Trump's Big State Of The Union Line Was First Used By Hillary Clinton, So That's Cool

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Donald Trump's first State of the Union speech went, well, pretty smoothly, all things considered. The president stuck to his script, hit his marks, and managed not to insult anyone in the course of the approximately hour and 20 minute speech. But when it comes to one of the standout quotes from his address, he may have had a little unintentional help. Apparently, Trump's "new American moment" quote from the State of the Union was Hillary Clinton's quote first.

Speaking about the Republican tax bill which was passed at the very end of 2017, Trump lauded the bill as a new era for America and a fresh start for the American people. He said,

Since we passed tax cuts, roughly 3 million workers have already gotten tax cut bonuses — many of them thousands of dollars per worker. Apple has just announced it plans to invest a total of $350 billion in America, and hire another 20,000 workers.

And he continued, "This is our new American moment. There has never been a better time to start living the American Dream."

It was honestly a pretty good soundbite. It was short, it was sweet, it was inspirational. The only problem is that it wasn't entirely his.

As NowThis quickly pointed out, that "new American moment" line actually belonged to Clinton first.

The video-based news source found a whole bunch of clips dating almost ten years back, to 2009, showing Clinton using the line "new American dream."

And she kind of did a better job of it. Instead of touting a legislative victory, Clinton's quoted speeches speak of the global stage and urge American global leadership. In one of the speeches, she said,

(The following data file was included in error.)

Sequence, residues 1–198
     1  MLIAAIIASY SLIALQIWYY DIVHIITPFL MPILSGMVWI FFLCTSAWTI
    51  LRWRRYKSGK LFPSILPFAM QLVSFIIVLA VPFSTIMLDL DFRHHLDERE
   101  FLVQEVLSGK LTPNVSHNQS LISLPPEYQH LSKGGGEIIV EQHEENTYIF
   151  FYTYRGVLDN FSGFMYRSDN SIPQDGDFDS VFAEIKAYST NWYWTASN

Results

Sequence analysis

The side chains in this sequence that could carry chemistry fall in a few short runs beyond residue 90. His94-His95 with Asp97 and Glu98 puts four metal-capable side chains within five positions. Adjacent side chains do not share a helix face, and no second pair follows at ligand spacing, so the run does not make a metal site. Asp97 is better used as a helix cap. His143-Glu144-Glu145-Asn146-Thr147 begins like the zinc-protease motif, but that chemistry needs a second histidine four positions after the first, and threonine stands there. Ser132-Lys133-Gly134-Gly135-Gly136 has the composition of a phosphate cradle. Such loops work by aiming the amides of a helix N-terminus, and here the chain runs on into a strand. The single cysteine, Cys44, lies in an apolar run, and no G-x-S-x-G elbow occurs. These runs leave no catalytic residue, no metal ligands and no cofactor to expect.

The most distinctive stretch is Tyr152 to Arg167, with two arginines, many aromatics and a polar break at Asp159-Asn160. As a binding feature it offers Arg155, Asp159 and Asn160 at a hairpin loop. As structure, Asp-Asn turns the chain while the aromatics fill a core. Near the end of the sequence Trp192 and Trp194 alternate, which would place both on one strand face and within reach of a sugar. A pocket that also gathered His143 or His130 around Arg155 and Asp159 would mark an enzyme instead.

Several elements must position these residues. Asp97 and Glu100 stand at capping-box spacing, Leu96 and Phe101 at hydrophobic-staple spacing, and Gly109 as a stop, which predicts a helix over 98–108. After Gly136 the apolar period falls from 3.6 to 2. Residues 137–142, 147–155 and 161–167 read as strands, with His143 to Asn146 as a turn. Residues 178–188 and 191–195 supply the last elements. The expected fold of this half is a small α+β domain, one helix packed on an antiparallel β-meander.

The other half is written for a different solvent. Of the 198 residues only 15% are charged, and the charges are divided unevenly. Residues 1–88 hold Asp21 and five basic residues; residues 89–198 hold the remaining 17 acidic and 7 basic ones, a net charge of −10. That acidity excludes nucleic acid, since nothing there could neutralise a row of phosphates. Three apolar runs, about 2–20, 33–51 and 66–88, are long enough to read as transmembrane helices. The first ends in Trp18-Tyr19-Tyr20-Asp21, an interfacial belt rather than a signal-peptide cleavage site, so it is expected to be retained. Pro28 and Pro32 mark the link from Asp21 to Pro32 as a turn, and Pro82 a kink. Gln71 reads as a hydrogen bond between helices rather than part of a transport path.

The complexities and connections of today's world have yielded a new American moment, a moment when our global leadership is essential, even if we must often lead in new ways. A moment when those things that make us who we are as a nation, our openness and innovation, our determination and devotion to core values, have never been more needed.

But in case you were wondering if it was just a one-off — like, two different writers stumbling on the same phrase — she actually used it at least three times, in at least three addresses from 2009, 2010, and 2011.


Being caught cribbing — intentionally or not — isn't a good look for Trump.

But neither is it a new one. Back during the 2016 presidential campaign, now-First Lady Melania Trump got caught apparently reusing huge parts of one of then-First Lady Michelle Obama's speeches. Her speech at the Republican National Convention in July of 2016 was remarkably similar to one that Obama delivered at the Democratic National Convention in 2008.

Trump said,

From a young age, my parents impressed on me the values that you work hard for what you want in life, that your word is your bond and you do what you say and keep your promise, that you treat people with respect.

While Obama's speech read,

Barack and I were raised with so many of the same values: that you work hard for what you want in life; that your word is your bond and you do what you say you're going to do; that you treat people with dignity and respect, even if you don't know them, and even if you don't agree with them.


So was the State of the Union line actually stolen, or was it just an honest mistake, two scriptwriters who maybe listened to the same inspirational soundtrack and came up with the same turn of phrase? Only the scriptwriters themselves can answer that. In the meantime, it's clear that Trump, as he said, thinks that we are at the start of a new American moment. Too bad Clinton called it nine years ago.

Disclosure: Hillary Clinton's son-in-law Marc Mezvinsky joined Social Capital, an investor in Bustle Digital Group, in mid 2017 and joined the Board of Bustle Digital Group in early 2018.